“That girl was with some unknown boy who took her on a date. In our society, we never allow our girls to come out from the house after 6:30 or 7:30 or 8:30 in the evening with any unknown person.”
“They left our Indian culture. They were under the imagination of the filmy culture, in which they can do anything. “
“She should not be put on the streets just like food. The ‘lady’, on the other hand, you can say the ‘girl’ or ‘woman’, are more precious than a gem, than a diamond. It is up to you how you want to keep that diamond in your hand. If you put your diamond on the street, certainly the dog will take it out. You can’t stop it.”
“You are talking about man and woman as friends. Sorry, that doesn’t have any place in our society. A woman means I immediately put the sex in his eyes. We have the best culture. In our culture, there is no place for a woman.”
“He would like to create a damage. He will put his hand… Insert, hit! It is just like that kind of action. Beat him. Putting his hand forcefully inside. “
Lawyer A.P. Singh says in the film:
“If very important or very necessary, she should go outside, but she should go with their family member like uncle, father, mother, grandfather, grandmother, etc., etc. She should not go in night hours with her boyfriend… “
“If my daughter or sister engaged in pre-marital activities and disgraced herself and allowed herself to lose face and character by doing such things, I would most certainly take this sort of sister or daughter to my farmhouse, and in front of my entire family, I would put petrol on her and set her alight. This is my stand. I still today stand by that reply.”
“A number of criminal cases of murder, robbery, rape are pending against approximately 250 members of parliament. Sitting members of parliament. But their cases are not being tried in fast-track courts. Their cases are not being tried based on day-to-day hearings. Why? If you want to give a message to society against rape, against robbery, against murder, then you should start from your own neck.”
In one scene Puneeta Devi, wife of Akshay Thakur asks:
“Am I not a daughter of this country? Don’t I have the right to live? Will there be no more rapes in Delhi? Will you hang all rapists? A woman is protected by her husband. If he’s dead, who will protect her and for whom will she live? I also don’t want to live. Priyanshu, my son, is a child. He understands nothing. I will strangle him to death. what else can I do?”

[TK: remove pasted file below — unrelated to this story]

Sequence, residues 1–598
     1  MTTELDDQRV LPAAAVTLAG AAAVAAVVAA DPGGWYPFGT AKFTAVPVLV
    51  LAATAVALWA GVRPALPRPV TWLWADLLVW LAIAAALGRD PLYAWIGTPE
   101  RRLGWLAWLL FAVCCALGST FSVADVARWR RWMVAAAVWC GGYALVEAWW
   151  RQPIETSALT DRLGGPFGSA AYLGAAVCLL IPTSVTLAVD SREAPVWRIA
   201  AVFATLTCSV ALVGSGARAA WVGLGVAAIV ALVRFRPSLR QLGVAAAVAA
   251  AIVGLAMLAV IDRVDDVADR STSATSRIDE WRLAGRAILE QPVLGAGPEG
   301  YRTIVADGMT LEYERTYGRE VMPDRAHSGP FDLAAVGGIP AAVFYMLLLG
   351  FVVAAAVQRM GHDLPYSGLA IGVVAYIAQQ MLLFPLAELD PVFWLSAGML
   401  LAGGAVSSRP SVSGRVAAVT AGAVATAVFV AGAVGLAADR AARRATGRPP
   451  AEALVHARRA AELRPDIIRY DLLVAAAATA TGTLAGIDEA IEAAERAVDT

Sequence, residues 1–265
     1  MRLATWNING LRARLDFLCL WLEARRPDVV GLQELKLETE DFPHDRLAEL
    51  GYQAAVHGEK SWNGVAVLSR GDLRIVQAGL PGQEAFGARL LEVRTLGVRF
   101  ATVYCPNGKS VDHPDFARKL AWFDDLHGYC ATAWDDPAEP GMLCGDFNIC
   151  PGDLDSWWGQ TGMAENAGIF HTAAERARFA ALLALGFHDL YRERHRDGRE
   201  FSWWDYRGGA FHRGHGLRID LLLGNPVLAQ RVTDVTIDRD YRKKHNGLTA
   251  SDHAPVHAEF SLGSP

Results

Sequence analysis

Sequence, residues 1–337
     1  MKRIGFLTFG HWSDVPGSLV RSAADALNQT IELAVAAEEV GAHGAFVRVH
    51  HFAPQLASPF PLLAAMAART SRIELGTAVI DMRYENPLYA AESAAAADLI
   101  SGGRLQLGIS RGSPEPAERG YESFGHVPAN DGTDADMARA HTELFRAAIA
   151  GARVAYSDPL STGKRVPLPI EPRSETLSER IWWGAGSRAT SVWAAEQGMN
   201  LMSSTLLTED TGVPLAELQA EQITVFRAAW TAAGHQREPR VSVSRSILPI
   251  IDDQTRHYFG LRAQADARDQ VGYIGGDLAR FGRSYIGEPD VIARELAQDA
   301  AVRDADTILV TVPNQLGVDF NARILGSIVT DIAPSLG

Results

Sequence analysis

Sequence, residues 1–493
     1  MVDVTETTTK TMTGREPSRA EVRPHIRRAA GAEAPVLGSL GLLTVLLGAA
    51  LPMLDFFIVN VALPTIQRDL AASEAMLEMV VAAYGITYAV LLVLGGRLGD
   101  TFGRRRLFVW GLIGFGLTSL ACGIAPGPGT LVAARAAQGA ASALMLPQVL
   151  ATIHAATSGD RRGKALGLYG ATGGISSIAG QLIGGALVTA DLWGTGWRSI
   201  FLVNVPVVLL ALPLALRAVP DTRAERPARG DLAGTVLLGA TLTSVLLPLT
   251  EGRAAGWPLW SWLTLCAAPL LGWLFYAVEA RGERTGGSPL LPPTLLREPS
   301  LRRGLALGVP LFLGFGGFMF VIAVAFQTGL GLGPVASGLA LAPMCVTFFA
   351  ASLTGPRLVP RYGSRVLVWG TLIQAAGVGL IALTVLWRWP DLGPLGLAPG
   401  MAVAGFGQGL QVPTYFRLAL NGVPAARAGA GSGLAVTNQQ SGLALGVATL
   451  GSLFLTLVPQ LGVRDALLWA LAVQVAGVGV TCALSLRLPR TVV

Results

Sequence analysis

These and other scenes showing force used by the Delhi Police while trying to quell the protests by students and the public has led to the ban of this documentary film in India.
Director Ms. Leslee Udwin said:
“I have constantly stressed this is not an Indian problem, it is a global problem. I remain confident that this film will be a powerful tool for change.”
Each year the world celebrates International Women’s Day (IWD) on March 8th. The film was due to be aired in the United Kingdom on Sunday, March 8, 2015 to coincide with IWD. In the wake of attempts by the Indian government to block the release of the film worldwide BBC brought its broadcast forward. BBC Four broadcast it on Wednesday, March 4, 2015 at 3:30 am IST.
The BBC said that nearly 300,000 viewers tuned in to watch the film and received only 32 complaints against it.
“If you can’t feed a hundred people, then feed just one.”
– Mother Teresa
Born in 1981, Narayanan Krishnan, a former award-winning chef hails from Madurai, Tamilnadu, India.
In 2002, while working at Taj Hotels, Bengaluru, India, he secured a job as a chef in a five-star hotel in Switzerland. Before heading for Europe, he went to his birthplace to see his parents. There, on his way to a temple, he saw a distressing scene. Narayanan recalls:
“I saw a very old man, literally eating his own human waste out of hunger. I went to the nearby hotel and asked them what was available. They had idli [rice cake], which I bought and gave to the old man. Believe me, I had never seen a person eating so fast, ever. As he ate the food, his eyes were filled with tears. Those were the tears of happiness.”
Narayanan forfeited the job in Switzerland. From June 2002 onwards, using his savings of about $2500, he started distributing around 30 food packets a day for the destitute in and around Madurai City.